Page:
Humanitarian Relief Key to U.S. Success

Michael E. O’Hanlon and Roberta Cohen
Roberta Cohen Former Brookings Expert, Co-Chair Emeritus - Committee for Human Rights in North Korea

October 8, 2001

Recent reports suggest that the Pentagon is considering how to deliver humanitarian relief to the suffering Afghan people as an integral and early part of any U.S. military intervention against Osama bin Laden and the Taliban government. That is absolutely the right instinct.

Although the precise state of food stocks in Afghanistan is ambiguous, it is crystal clear that the population there cannot enter into winter without receiving major relief. Given the disruptions that have already occurred in civilian relief efforts, the Pentagon will have to provide food and other supplies by putting its own people in harm’s way.

Unfortunately, current reports also suggest that Pentagon planners are wary of air-dropping food into Afghanistan because of their fear that Taliban forces may get their hands on it. This fear is justified—and irrelevant.

In virtually all conflict-ridden societies where food is in short supply, armed fighters are consistently the last to starve. The only way to deprive the Taliban of food is to deprive many millions of civilians of food as well. Since that policy is unacceptable, we must find a way to get relief into the country—just as we have in places such as Ethiopia and North Korea, even as we knew a fraction was going into military hands.

The case for providing relief is overwhelming. Morally, to do otherwise would make a mockery of our commitment to protect innocent lives and to seek justice rather than disproportionate and indiscriminate revenge for those lost in the tragedy of Sept. 11. Politically, the United States cannot afford to reinforce the widespread perception that it is indifferent to the fate of Islamic people.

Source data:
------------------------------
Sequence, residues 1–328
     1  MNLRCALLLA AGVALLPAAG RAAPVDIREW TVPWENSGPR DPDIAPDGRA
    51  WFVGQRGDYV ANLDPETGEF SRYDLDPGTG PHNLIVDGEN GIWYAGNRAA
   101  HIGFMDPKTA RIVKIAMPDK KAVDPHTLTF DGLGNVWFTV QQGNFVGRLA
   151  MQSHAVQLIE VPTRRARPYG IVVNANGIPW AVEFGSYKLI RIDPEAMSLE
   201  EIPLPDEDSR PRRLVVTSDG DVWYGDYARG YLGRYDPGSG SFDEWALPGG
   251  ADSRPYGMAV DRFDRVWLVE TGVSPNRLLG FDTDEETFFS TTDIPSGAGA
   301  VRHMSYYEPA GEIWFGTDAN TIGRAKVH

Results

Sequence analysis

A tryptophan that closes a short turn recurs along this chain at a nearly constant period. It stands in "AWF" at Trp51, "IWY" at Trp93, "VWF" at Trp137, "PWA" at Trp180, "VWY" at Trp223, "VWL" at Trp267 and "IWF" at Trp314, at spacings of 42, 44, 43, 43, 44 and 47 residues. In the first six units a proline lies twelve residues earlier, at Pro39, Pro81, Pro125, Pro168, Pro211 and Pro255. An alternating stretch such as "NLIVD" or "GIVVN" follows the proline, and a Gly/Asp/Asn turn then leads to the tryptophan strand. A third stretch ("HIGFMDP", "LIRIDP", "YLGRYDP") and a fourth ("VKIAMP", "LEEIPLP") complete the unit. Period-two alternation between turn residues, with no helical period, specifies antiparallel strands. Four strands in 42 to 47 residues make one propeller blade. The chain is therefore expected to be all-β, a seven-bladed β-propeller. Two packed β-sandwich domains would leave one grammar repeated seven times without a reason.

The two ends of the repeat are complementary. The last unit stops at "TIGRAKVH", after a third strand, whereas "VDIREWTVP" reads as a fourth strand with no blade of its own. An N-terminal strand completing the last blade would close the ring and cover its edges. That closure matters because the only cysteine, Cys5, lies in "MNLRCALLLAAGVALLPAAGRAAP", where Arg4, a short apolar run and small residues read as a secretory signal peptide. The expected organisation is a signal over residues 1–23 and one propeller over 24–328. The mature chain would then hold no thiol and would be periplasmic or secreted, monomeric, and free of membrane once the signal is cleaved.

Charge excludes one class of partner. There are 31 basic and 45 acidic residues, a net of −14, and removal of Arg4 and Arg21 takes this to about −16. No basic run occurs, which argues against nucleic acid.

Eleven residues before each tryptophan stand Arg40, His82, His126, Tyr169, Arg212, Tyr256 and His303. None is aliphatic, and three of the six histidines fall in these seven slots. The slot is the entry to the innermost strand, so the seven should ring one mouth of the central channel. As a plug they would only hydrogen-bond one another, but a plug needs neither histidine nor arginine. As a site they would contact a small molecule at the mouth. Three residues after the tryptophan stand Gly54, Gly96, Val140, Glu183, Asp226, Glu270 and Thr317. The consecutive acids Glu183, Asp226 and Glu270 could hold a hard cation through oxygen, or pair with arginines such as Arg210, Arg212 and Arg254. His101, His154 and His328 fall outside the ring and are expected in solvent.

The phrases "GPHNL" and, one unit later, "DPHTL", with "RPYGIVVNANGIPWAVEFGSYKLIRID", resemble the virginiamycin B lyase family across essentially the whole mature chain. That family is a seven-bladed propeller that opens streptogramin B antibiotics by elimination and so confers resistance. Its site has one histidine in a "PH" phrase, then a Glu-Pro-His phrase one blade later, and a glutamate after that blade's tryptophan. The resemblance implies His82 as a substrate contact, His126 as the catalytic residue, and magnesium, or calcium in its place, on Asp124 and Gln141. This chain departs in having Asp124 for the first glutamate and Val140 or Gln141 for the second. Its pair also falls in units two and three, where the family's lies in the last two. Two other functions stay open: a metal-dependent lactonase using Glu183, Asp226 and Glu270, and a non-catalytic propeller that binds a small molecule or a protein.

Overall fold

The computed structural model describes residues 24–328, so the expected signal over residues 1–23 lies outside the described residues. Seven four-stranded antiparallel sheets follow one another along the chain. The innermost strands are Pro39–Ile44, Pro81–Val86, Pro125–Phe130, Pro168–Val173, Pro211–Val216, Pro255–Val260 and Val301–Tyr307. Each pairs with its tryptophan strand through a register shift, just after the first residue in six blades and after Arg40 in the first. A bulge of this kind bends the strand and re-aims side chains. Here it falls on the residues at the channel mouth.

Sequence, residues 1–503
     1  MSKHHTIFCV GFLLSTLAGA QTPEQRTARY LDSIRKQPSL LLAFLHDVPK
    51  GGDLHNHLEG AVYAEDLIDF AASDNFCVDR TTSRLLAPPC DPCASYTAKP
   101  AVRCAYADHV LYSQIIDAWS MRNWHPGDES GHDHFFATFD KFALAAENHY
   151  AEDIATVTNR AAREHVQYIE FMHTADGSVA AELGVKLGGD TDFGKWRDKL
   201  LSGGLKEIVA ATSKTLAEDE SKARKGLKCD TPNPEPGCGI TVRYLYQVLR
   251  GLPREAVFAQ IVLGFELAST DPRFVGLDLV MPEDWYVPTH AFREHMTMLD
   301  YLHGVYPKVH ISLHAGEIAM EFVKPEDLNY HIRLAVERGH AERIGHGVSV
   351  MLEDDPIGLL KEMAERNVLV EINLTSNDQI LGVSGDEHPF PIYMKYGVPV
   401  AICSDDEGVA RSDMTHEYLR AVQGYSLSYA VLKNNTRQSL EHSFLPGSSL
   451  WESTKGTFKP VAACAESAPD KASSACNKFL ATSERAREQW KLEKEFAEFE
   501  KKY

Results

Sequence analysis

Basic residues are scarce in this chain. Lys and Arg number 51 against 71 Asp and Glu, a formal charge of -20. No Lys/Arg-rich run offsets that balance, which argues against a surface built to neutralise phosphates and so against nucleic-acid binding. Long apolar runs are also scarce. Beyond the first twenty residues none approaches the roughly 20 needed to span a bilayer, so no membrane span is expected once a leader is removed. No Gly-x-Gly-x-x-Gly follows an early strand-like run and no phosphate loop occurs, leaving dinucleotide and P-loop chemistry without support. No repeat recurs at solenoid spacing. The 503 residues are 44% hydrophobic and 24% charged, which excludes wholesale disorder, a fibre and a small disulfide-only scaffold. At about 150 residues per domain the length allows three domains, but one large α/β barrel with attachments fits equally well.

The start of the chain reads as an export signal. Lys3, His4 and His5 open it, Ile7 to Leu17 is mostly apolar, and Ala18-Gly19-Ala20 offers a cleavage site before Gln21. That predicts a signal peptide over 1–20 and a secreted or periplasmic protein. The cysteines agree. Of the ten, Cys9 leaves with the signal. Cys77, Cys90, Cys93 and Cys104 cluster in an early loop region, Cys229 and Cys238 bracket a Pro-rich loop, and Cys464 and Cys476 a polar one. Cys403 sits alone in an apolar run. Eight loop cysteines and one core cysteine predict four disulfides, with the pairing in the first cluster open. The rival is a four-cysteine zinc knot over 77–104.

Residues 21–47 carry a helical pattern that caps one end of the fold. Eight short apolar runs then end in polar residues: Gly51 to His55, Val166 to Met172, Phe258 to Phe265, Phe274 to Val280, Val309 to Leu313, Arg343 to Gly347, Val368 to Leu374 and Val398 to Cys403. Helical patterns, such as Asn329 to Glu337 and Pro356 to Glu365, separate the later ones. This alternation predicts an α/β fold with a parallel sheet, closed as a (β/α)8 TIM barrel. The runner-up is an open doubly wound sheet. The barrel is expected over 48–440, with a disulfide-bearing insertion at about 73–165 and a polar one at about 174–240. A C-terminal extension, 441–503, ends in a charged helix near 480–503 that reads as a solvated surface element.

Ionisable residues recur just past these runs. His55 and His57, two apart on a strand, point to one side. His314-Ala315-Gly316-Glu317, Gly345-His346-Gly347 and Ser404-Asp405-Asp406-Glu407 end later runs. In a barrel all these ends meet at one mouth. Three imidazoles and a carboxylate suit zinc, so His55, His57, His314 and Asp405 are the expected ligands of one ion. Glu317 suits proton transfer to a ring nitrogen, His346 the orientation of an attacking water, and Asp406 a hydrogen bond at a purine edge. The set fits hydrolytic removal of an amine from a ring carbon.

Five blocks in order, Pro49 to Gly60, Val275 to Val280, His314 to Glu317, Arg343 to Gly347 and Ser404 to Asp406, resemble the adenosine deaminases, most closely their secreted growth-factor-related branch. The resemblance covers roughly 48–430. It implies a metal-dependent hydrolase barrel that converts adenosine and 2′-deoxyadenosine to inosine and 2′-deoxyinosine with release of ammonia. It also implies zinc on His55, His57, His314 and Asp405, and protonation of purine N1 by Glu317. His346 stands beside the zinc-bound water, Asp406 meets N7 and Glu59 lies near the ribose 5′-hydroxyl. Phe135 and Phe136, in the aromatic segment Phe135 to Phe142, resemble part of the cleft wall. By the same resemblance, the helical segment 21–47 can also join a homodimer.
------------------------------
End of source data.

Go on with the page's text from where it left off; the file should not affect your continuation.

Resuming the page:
It is precisely such perceptions that motivate many terrorists, including some of those involved in the events of Sept. 11. Many Muslims, rightly or wrongly, blame the United States for the plight of the Iraqi people and the breakdown of the Arab-Israeli peace process. They also remember how the United States supported the Afghan mujahideen in their fight against the Soviet Union in the 1980s, only to desert them and the Afghan people after Mikhail Gorbachev ordered his troops back home. As a result of that cynical decision by Washington, warfare, poverty and starvation have continued in Afghanistan.

American military action will undoubtedly worsen the plight of Afghans. Even if bombing is done carefully, some innocents will suffer “collateral damage.” Our support for the Afghan resistance will also intensify and broaden the country’s civil war.

Taken together, these actions will further impede the work of relief agencies in a land where more than 1 million are internally displaced and many lack substantial food reserves. Since 1978, at least 1 million Afghans have died because of warfare in their country. U.S. military action is about to add to that toll. We must do everything possible to minimize it, even at some risk to American military personnel.

The methods of providing relief may vary from region to region within Afghanistan and neighboring countries. The U.S. military should soon begin flying supplies into parts of Afghanistan controlled by the Northern Alliance. In most interior parts of Afghanistan, airdrops will be necessary.

In yet other areas, cross-border programs will need to be supported. In certain border regions near Pakistan and Iran, it could be appropriate to deploy modest numbers of American ground forces to set up safe havens where internally displaced Afghans can be fed and sheltered. In those places, at least, it may be possible to disarm them before allowing entry—reducing the risks of feeding Taliban soldiers.

The United States must also pressure the Northern Alliance and other resistance forces to protect civilians within Afghanistan. In the past, such rebel forces have sometimes been worse than the Taliban in their proclivities to carry out reprisal executions, bombardments of innocents and indiscriminate sowing of land mines.

None of these measures requires a fundamental change in U.S. policy. None should necessitate a breakdown in cooperation with our critical Pakistani ally in upcoming weeks and months. But they would go far toward reinforcing the moral clarity and international political appeal of our effort.